Number of kids getting free lunch spikes on LI

Kids eat during lunch time at Daniel Street Kids eat during lunch time at Daniel Street Elementary School in Lindenhurst. (Dec. 14, 2007) Photo Credit: Ana P. Gutierrez / File

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On a recent fall day, the Centereach High School cafeteria served lunch to 951 students.

For 232 of them, it was a free lunch.

They qualified for free meals from the Middle Country School District, thanks to the federal program that helps feed public school children during the school day. In the past two years, over 44 percent more students in this middle-class district in central Suffolk County have enrolled in the program.

"The tight times in the economy are putting more of our families in a difficult financial situation, where they are looking for assistance," said William Kidd, assistant business administrator for the district.

>>COMPLETE COVERAGE: School lunches on Long Island

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A familiar story

It's a similar story across Long Island. An analysis of 29 school districts responding to a Newsday survey found the number of students in free and reduced-price meal programs has increased even as enrollments have dropped. Overall, nearly 16 percent more children are in such programs this year than four years ago.

The trend has been most pronounced in middle and upper-middle class districts over the past two years, as the recession hammered the local economy, causing job losses or reduced income.

Since the 2007-08 school year, students qualifying for free or reduced meals in the Three Village district rose nearly 39 percent, in Plainview-Old-Bethpage, 51 percent, and 55 and 61 percent in West Islip and Commack, respectively - although this population still represents a smaller fraction of overall enrollment.

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"Pupils may be provided free or reduced-price breakfasts and lunches on a continuing, intermittent or emergency basis when family circumstances require it. I believe that today's economic situation directly correlates to the increase in our district's numbers," Three Village interim Superintendent Donald F. Webster said in a written statement.

Social agencies and school officials point to the bleak economy and also a greater outreach among school districts as reasons for the jump in numbers.

"Middle-class children in middle-class neighborhoods are having problems with food security," said Paule T. Pachter, executive director of Long Island Cares Inc.-The Harry Chapin Food Bank. Her organization operates an after-school program that serves meals and snacks in several schools.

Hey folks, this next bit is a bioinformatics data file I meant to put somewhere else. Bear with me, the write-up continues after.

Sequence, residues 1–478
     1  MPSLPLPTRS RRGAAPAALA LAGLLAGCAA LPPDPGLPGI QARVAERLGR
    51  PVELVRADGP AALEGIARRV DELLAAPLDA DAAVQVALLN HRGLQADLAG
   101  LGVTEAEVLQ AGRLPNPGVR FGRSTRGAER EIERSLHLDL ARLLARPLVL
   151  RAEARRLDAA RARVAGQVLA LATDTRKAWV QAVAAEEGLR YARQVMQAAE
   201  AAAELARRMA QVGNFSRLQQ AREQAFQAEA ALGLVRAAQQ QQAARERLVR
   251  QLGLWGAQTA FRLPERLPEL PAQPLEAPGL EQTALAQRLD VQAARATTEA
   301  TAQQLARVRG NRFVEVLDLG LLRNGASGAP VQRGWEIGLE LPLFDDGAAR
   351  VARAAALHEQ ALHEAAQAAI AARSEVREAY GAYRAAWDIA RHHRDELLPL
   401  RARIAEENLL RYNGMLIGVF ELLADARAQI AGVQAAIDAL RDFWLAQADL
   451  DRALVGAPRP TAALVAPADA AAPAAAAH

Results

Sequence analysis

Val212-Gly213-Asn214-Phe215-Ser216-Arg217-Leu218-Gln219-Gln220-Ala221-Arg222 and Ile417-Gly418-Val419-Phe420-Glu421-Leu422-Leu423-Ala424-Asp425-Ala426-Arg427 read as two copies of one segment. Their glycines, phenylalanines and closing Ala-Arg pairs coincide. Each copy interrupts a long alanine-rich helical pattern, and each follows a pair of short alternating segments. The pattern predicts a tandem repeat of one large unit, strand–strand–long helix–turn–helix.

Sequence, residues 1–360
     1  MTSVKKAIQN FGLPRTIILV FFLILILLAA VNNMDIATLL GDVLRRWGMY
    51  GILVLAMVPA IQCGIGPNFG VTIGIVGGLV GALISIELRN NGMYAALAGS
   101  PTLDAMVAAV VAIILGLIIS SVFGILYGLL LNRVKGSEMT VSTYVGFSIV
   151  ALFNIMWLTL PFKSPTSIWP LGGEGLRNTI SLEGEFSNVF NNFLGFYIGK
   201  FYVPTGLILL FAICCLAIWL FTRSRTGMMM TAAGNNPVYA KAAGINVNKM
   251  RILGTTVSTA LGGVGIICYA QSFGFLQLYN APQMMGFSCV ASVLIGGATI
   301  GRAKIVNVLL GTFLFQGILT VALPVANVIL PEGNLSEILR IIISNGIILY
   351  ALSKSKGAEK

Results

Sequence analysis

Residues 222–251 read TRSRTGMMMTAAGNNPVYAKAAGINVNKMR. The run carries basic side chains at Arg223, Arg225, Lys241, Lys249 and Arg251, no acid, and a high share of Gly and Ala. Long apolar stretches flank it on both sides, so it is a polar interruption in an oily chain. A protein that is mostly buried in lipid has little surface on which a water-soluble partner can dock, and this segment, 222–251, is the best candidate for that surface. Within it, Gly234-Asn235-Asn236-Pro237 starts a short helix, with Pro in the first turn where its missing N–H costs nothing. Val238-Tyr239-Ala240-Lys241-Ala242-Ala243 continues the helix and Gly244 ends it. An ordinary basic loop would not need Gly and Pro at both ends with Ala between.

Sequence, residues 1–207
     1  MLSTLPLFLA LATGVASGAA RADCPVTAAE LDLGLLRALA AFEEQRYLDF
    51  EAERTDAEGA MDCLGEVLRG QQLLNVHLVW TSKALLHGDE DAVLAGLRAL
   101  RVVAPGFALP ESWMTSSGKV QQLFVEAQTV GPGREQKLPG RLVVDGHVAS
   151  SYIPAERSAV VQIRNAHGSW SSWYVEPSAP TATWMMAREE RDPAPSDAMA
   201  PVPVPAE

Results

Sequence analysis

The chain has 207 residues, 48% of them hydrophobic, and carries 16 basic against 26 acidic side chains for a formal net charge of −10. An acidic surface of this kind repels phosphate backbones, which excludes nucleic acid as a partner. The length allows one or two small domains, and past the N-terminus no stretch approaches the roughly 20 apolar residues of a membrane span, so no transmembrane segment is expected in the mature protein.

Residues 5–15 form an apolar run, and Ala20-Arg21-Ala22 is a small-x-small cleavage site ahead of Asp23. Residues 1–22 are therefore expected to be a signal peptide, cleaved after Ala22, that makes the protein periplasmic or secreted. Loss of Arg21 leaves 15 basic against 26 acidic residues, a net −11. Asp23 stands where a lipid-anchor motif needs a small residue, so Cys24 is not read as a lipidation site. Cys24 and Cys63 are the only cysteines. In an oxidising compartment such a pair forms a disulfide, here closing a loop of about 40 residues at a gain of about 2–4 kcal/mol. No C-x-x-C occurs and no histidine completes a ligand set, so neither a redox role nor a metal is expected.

The 29 districts surveyed by Newsday have 31,102 students enrolled in free/reduced-price meal programs out of a total enrollment of 152,523.

Some school districts provide free lunches, others a combination of free and reduced. Some offer breakfast free or at a reduced price as well. A standard lunch costs $1.50 at the elementary level in the Mineola district, for example, and $1.75 at the high school, while reduced-price meals are 25 cents, the average price on Long Island.

Parents must apply to the National School Lunch Program and qualify according to income guidelines.

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Students who receive free meals choose from the same menu as those who pay. Districts work hard to try to ensure children in the program are not publicly identified. In Middle Country, students enter an identification number at the cafeteria cashier; no one can tell who is receiving a free meal or who is on a prepaid plan, said Debbie Corrado, food service director for Whitson's Culinary Group, which manages the district's food service.

The bulk of the cost of free and reduced programs is covered by the federal government, not local school budgets. The number of students in the program factors into how much state aid a district receives.

Kidd said Middle Country wants to accommodate every child in need and has sent home reminders about the program and put notes on the lunch calendar. Two years ago, the district set up a phone help line to assist parents with enrolling in the program, which offers only free meals.

 

Playing with perceptions?

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But some districts have been more reluctant, said Gwen O'Shea, president and chief executive of the Health and Welfare Council of Long Island. "There is a perception of perhaps we don't want other folks to think we have needs in our community."

But that mood is changing because of the sluggish economy, she said. "With the economic downturn and number of folks directly impacted, there is a greater level of sympathy for folks who are struggling."

Anne, a mother of three in Westbury who asked that her last name not be divulged, said she enrolled her children in the free and reduced lunch program about a year ago. She lost her job as a bus driver and has not found other work.

"If they didn't have food in school, they wouldn't be able to do what they do," she said. "They would be hungry."

>>COMPLETE COVERAGE: School lunches on Long Island

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